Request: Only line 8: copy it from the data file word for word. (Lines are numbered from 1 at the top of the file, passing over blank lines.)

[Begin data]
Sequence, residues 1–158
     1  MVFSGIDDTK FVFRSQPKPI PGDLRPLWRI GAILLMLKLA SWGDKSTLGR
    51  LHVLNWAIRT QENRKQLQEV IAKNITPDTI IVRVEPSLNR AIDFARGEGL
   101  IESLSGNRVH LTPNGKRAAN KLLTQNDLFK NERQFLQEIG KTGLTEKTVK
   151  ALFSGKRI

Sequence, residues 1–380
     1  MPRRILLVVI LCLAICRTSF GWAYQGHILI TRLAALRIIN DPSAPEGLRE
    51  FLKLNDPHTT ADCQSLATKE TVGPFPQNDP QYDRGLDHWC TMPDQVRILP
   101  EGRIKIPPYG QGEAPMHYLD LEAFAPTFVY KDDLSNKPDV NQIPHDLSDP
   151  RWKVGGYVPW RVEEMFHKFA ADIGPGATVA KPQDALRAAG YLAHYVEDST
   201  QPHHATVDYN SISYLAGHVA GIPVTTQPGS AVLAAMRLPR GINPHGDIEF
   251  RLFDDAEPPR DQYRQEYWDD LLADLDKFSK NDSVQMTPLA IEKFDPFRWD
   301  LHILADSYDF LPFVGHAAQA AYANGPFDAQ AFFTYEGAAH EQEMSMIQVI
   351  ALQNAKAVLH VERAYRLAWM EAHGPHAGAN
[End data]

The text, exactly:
    51  FLKLNDPHTT ADCQSLATKE TVGPFPQNDP QYDRGLDHWC TMPDQVRILP